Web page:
Accordingly, the Corporate Defendant is deemed an employer subject to the FLSA.

         ii. Liability

         The Court now turns to the substance of the Plaintiff's overtime claim. The FLSA provides:

[N]o employer shall employ any of his employees who in any workweek is engaged in commerce or in the production of goods for commerce, or is employed in an enterprise engaged in commerce or in the production of goods for commerce, for a workweek longer than forty hours unless such employee receives compensation for his employment in excess of the hours above specified at a rate not less than one and one-half times the regular rate at which he is employed.

29 U.S.C. § 207(a)(1).

         Here, Khurana has established an ongoing overtime violation that includes a period running from July 2012 through to the end of his employment in July 2014. Compl. ¶¶ 9-39. From July 2012 through November 2012, Khuranna alleges that he worked approximately 102 hours per week. See Id. at ¶ 17. From November 2012 through April 2013, Plaintiff claims that he worked approximately 96 hours per week. See Id. ¶ 21. From April 2013 through September 2013, Khurana alleges that he worked 102 hours per week. See Id. ¶ 25. From September 2013 through June 2014, Plaintiff claims to have worked 82 hours per week. See Id. ¶ 31. In June and July of 2014, Khurana alleges that he worked approximately 102 hours per week until the end of his employment. See Id. ¶ 36.

         According to the Complaint, for all of the hours that Plaintiff worked in excess of his initial 40 each week, Defendants only paid him “straight time pay, ” and not the statutorily mandated 150% overtime premium. Id. ¶¶ 44-47. As such, Plaintiff properly makes out a violation of the FLSAs overtime provisions. See Rodriguez v. Almighty Cleaning, Inc., 784 F.Supp.2d 114, 122 (E.D.N.Y. 2011) (“Because the Complaint alleges that Plaintiffs worked more than 40 hours a week and were not paid time-and-a-half for their overtime hours, Plaintiffs have sufficiently pleaded a violation of 29 U.S.C. § 207.”).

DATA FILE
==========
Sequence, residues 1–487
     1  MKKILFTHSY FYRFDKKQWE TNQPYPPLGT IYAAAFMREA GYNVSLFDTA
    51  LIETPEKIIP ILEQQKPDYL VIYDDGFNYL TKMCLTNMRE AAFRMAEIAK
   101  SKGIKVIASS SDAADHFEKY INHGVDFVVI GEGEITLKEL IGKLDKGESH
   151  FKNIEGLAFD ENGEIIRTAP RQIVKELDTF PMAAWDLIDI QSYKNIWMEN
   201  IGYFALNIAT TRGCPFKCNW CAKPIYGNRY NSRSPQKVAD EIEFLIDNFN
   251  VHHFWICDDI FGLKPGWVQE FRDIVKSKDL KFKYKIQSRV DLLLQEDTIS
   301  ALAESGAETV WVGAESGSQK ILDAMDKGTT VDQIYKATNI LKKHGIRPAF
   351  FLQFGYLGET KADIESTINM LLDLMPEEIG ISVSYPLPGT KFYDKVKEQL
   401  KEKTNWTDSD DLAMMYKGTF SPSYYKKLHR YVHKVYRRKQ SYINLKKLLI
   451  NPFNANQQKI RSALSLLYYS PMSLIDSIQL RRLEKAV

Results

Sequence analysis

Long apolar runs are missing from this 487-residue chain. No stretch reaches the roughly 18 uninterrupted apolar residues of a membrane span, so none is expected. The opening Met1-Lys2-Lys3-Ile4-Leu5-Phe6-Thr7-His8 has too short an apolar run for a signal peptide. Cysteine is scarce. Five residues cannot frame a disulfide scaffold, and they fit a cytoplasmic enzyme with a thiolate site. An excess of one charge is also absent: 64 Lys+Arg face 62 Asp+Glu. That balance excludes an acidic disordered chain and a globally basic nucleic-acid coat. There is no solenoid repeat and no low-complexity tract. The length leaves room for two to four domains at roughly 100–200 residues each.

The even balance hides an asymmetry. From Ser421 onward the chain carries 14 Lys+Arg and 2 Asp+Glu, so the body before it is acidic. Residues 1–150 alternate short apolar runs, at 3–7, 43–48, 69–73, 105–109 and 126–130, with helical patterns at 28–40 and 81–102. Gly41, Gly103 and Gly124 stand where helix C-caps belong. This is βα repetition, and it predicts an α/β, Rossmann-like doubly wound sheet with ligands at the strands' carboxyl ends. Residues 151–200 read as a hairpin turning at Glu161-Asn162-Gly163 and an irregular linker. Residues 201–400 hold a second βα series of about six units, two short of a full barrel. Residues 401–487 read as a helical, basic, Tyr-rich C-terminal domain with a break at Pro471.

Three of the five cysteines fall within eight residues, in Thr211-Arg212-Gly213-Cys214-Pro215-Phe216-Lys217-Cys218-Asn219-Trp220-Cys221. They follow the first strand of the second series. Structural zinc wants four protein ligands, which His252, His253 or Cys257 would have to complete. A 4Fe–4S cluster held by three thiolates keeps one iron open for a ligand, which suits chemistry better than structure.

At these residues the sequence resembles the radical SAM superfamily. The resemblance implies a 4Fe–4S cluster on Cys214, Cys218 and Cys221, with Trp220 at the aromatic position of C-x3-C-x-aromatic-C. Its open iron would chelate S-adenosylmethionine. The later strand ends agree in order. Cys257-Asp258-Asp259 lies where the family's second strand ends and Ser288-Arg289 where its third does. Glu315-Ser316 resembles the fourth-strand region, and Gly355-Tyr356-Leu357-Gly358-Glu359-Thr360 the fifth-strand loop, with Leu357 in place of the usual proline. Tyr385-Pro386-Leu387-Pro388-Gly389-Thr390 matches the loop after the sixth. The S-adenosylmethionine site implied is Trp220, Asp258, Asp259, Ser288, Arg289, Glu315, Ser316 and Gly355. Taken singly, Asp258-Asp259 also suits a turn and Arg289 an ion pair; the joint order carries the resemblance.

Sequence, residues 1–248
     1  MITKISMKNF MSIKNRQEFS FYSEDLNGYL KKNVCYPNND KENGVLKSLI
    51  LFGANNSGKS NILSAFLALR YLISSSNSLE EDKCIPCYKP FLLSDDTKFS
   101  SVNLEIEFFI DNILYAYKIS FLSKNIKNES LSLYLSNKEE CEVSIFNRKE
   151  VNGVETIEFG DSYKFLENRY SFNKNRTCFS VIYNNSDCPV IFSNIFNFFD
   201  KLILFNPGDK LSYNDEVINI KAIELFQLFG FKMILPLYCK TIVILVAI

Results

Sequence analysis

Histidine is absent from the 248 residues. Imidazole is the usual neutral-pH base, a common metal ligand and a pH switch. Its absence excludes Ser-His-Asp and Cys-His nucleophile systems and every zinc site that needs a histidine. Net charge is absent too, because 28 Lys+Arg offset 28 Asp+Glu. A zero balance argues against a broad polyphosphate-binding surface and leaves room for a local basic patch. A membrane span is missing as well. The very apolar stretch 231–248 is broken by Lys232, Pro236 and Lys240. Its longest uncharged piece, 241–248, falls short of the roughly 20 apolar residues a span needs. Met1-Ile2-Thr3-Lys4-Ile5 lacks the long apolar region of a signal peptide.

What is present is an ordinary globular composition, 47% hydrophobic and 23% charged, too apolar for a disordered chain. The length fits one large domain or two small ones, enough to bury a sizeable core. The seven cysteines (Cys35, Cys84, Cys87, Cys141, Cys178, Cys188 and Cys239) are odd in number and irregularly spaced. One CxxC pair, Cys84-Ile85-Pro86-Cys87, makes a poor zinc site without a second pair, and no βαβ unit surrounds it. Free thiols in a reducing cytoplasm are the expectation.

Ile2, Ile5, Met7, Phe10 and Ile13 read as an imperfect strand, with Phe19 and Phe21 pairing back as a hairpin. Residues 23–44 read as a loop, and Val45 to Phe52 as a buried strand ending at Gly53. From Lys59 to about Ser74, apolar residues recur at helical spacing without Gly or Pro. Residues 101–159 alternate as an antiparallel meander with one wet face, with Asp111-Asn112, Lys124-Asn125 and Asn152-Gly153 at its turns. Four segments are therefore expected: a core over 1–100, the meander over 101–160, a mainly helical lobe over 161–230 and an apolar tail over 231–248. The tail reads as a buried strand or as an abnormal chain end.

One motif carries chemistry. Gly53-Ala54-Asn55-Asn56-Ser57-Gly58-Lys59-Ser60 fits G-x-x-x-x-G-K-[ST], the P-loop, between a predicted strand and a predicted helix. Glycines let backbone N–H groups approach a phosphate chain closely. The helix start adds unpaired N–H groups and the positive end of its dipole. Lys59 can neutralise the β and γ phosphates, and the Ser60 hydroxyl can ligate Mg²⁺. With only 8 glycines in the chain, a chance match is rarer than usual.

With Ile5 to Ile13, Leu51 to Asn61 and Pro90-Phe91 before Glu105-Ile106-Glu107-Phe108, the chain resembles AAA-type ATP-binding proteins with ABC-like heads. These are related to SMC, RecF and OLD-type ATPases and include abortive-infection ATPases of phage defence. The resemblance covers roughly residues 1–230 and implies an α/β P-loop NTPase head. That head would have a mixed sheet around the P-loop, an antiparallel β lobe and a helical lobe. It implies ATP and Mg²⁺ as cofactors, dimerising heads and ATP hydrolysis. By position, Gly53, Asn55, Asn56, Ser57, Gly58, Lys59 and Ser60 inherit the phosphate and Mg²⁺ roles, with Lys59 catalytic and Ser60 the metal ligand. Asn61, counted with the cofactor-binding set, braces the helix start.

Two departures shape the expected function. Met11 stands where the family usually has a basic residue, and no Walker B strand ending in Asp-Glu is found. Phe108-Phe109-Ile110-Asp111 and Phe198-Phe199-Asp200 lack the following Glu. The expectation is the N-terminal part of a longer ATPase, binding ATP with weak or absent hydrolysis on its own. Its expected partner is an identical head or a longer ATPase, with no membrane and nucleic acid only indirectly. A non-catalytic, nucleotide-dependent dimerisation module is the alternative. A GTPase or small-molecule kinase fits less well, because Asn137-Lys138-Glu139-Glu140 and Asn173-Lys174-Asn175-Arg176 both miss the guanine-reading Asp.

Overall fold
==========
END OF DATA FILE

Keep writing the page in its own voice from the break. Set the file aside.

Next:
Accordingly, based on the allegations set forth in the Complaint, the Court finds JMP USA liable for failure to pay overtime in violation of the FLSA.

         2. Overtime Claim Under New York Labor Law

         Khurana also asserts that the Corporate Defendant violated the NYLL's overtime provisions for the same period of employment, December 2011 through July 2014. See Compl. ¶¶ 59-64. Applying the standards below, the Court finds JMP USA liable for violating the overtime provisions of the NYLL as well.

         Consistent with the FLSA, the NYLL regulations state that: “[a]n employer shall pay an employee for overtime at a wage rate of one and one-half times the employee's regular rate . . . .” N.Y. Comp. Codes R. & Regs. tit. 12, § 142-2.2; see Santillan v. Henao, 822 F.Supp.2d 284, 292 (E.D.N.Y. 2011) (noting that the NYLL is the “state analogue to the federal FLSA.”). In fact, the NYLL “mirrors the FLSA in compensation provisions regarding overtime wages.” Valdez, 2016 WL 3079028, at *3; D'Arpa, 2013 WL 3010810, at *18 (“[The NYLL] otherwise echoes the FLSA in compensation provisions regarding overtime and minimum wage requirements.”). Consequently, the courts of the Second Circuit routinely impose liability for an overtime violation of the NYLL if it has already found liability under the FLSA. See Jemine v. Dennis, 901 F.Supp.2d 365, 375 (E.D.N.Y. 2012) (“Applying the same reasoning used in the FLSA analysis to the state claims, this Court finds that the undisputed allegations in the complaint and default submissions are sufficient to impose liability on defendants under the NYLL overtime . . . provision[].”). Accordingly, as JMP USA is considered an employer under the FLSA, it is similarly an employer under the NYLL. See Garcia v. La Revise Associates LLC, 08 CIV 9356, 2011 WL 135009, at *5 (S.D.N.Y. Jan. 13, 2011) (“New York's “employer” provisions are equally broad [as that of the FLSA].”) (quoting Spicer v. Pier Sixty LLC, 269 F.R.D. 321, 335 n. 13 (S.D.N.Y. 2010)).